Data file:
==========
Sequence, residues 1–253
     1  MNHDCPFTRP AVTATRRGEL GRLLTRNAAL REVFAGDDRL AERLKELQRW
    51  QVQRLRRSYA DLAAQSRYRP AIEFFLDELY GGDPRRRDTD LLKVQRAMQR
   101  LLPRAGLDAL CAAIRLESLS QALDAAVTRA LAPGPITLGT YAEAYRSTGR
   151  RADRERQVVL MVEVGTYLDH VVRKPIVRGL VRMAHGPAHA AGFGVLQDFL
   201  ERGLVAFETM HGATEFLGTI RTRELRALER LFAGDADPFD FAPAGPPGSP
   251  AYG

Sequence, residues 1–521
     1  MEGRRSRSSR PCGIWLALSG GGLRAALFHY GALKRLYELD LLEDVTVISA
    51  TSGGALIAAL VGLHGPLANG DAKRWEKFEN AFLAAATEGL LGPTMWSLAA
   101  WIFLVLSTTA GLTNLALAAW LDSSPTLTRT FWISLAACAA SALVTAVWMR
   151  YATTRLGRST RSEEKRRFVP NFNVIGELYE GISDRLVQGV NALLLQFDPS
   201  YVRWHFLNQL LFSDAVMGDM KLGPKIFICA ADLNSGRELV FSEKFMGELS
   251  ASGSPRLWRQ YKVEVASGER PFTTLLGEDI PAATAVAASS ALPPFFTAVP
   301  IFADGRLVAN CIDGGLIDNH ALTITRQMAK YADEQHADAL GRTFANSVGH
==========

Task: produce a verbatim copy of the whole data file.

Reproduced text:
Sequence, residues 1–253
     1  MNHDCPFTRP AVTATRRGEL GRLLTRNAAL REVFAGDDRL AERLKELQRW
    51  QVQRLRRSYA DLAAQSRYRP AIEFFLDELY GGDPRRRDTD LLKVQRAMQR
   101  LLPRAGLDAL CAAIRLESLS QALDAAVTRA LAPGPITLGT YAEAYRSTGR
   151  RADRERQVVL MVEVGTYLDH VVRKPIVRGL VRMAHGPAHA AGFGVLQDFL
   201  ERGLVAFETM HGATEFLGTI RTRELRALER LFAGDADPFD FAPAGPPGSP
   251  AYG

Sequence, residues 1–521
     1  MEGRRSRSSR PCGIWLALSG GGLRAALFHY GALKRLYELD LLEDVTVISA
    51  TSGGALIAAL VGLHGPLANG DAKRWEKFEN AFLAAATEGL LGPTMWSLAA
   101  WIFLVLSTTA GLTNLALAAW LDSSPTLTRT FWISLAACAA SALVTAVWMR
   151  YATTRLGRST RSEEKRRFVP NFNVIGELYE GISDRLVQGV NALLLQFDPS
   201  YVRWHFLNQL LFSDAVMGDM KLGPKIFICA ADLNSGRELV FSEKFMGELS
   251  ASGSPRLWRQ YKVEVASGER PFTTLLGEDI PAATAVAASS ALPPFFTAVP
   301  IFADGRLVAN CIDGGLIDNH ALTITRQMAK YADEQHADAL GRTFANSVGH